He must have sensed her blonde came from a bottle…. and that his parents were liars, too.
He met her as a child
which somehow seems a waste, a thwarted
prepubescent prank played by a horndog demigod.
His head only came up to the curve of her oft-measured breasts,
and when he peeked, he was still probably young enough to think milk
rather than of grazing nipple in some tentative first act of foreplay.
Vegas and everything else were more discreet about their evil back then.
One couldn’t sense the cancer clustered in the atomic neon sunbursts,
nor hear the death rattle of the mobster with the slit throat
in Sinatra’s sonorous croon.
Still my father must have sensed her blonde came from a bottle,
and that, had blonde been her real color, it hardly would have mattered,
or somehow made her follicles more blessed or angelic,
added or subtracted from her IQ once measured at something like 165
(nobody cared about that, either).
He must have known that his parents were liars, too,
that there were no good guys,
even in World War II:
like some Girl Friday ashing her cigarette in a skull
her husband sent home from the Pacific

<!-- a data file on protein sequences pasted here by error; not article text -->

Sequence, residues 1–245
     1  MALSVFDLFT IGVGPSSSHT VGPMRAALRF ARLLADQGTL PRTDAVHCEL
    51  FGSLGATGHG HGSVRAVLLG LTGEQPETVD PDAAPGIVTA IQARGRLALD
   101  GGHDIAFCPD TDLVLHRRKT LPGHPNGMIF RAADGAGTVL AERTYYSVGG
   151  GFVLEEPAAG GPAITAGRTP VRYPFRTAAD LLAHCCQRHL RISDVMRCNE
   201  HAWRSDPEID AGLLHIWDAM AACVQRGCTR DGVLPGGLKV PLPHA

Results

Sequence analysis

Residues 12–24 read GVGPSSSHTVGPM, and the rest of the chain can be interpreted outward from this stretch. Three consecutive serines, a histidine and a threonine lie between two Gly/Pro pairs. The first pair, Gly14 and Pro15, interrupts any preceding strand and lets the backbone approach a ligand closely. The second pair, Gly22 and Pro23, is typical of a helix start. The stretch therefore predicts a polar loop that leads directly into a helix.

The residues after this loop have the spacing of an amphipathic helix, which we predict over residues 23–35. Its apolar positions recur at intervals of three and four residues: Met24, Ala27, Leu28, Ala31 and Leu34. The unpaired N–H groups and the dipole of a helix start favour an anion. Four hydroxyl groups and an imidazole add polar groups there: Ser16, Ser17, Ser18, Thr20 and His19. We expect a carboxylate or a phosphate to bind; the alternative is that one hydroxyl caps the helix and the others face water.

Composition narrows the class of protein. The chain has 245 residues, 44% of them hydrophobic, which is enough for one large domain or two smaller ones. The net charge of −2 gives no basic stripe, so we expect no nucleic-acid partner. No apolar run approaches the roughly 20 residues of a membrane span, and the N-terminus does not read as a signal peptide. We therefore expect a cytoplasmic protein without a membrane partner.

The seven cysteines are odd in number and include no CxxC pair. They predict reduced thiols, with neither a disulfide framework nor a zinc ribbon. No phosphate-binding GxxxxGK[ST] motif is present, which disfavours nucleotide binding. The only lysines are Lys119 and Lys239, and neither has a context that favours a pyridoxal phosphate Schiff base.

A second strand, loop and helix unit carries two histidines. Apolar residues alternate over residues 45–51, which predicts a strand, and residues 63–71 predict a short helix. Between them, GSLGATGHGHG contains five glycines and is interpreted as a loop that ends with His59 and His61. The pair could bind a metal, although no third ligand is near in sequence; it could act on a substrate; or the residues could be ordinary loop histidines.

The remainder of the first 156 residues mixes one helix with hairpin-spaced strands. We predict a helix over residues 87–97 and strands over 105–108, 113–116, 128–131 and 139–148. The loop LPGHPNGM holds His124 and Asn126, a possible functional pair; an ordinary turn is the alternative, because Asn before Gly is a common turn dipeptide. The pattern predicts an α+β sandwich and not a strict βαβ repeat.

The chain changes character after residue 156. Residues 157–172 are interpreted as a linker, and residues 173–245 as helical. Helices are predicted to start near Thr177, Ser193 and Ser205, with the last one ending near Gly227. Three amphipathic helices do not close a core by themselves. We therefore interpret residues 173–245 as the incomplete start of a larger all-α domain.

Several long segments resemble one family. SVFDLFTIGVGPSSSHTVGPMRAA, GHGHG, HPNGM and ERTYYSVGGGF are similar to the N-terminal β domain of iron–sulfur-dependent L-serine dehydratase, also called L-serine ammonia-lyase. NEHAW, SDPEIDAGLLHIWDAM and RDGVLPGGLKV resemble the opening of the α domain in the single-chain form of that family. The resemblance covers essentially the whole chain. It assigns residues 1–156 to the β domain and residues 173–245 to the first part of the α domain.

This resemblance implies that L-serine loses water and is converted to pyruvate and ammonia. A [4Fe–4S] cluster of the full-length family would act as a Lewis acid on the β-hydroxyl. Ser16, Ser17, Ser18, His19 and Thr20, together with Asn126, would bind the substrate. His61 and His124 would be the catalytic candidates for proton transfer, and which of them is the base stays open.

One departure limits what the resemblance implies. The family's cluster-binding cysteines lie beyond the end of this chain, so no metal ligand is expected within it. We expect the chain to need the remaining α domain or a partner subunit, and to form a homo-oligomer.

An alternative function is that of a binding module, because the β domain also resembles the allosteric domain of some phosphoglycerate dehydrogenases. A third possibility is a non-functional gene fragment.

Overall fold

or the reservist who cut gold fillings out of “Jap mouths” with a KA-BAR
now gladhanding flesh at the Peoria Chamber of Commerce.
Jayne died in a cream-colored Buick Electra in Biloxi,
though rumors of her decapitation
were greatly exaggerated.
And whether she made love to American Presidents
or Satanic Priests
in addition to mobsters and pornographers
hardly matters now.
My father met Jayne Mansfield
before the world and its evil
had quite coiled around his throat,
constricted the very heart in his chest,
making him understand gravity
like the burden of a beautiful woman’s endowments –
and how grace sometimes comes
when death and cream-colored Chevies
sever us from sin.
I personally pray they buried her
in something besides cheetah print.
Joseph Hirsch is the author of many published books. His shorter works have appeared Terror House, 3 AM, and Bull: Men’s Fiction. www.joeyhirsch.com